Through the decades, just as most other aspects of the wedding have evolved with time, so have groom’s cakes. For some, they’re a beloved, long-standing tradition, and for others, they’re simply a way for grooms to express their hobbies and interests. As such, it’s not uncommon to see a cake shaped like a college football team’s helmets or covered in camouflage icing or bedecked with the groom’s favorite bottles of booze. But in 2023, when weddings can be as inclusive and creative as the people getting married want them to be, a tradition that was at one time rooted in finding a bunch of unlucky spinsters their dream man is increasingly feeling dated — for most, anyway.
Jenean Carlton has been baking since she was in high school, and opened Carlton’s Cakes in Atlanta in 2015. A born-and-raised Southerner, Carlton is a proponent of the tradition, if only because many weddings in the South are very bride-centric. “I hate it when I see the groom saying, ‘Oh, honey, it doesn’t matter. Just whatever you think,” Carlton says. “I always want them to go for it, because it’s often their last chance to really have some kind of say in the wedding.”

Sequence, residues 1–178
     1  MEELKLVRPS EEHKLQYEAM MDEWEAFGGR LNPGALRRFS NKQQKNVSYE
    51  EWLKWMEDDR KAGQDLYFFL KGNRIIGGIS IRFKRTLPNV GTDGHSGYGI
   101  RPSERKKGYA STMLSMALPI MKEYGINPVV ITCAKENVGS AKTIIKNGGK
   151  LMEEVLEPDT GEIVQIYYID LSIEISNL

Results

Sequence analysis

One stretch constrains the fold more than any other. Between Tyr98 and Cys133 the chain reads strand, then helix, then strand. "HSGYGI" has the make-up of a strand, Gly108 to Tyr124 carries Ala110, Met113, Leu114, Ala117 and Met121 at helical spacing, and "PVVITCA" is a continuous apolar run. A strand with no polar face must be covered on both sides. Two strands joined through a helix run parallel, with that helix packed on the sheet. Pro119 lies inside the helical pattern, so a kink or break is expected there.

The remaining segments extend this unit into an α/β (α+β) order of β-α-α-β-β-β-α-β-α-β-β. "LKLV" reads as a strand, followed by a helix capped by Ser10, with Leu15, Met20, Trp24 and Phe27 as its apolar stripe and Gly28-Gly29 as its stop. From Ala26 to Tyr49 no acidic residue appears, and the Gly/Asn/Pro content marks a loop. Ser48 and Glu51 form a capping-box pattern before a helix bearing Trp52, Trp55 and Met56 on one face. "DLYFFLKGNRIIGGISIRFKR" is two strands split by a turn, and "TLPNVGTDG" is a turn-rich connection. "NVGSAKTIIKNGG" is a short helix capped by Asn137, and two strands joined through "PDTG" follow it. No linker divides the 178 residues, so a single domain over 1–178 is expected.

As a baker, Carlton also just really likes making groom’s cakes. She says they offer the ability to be more creative and flex her skills as a sculptor and artist, whether she airbrushes character art onto a massive World of Warcraft cake or crafts ice cubes out of isomalt sugar for a cake shaped like a bucket of cold beer. “It’s a place to do something different and artistic,” she says. “You can be very, very, very unique.”
Carlton says that when she started her business, she made more groom’s cakes. Now, only about half of the weddings she bakes for request one. Many couples are passing on the groom’s cake due to budget restrictions. And while some Southerners view the groom’s cake as the “last bastion of gentility,” others think it’s an outdated tradition that’s not worth continuing — or at the very least, not worth spending several hundred dollars on when there are so many other expenses involved in throwing a wedding.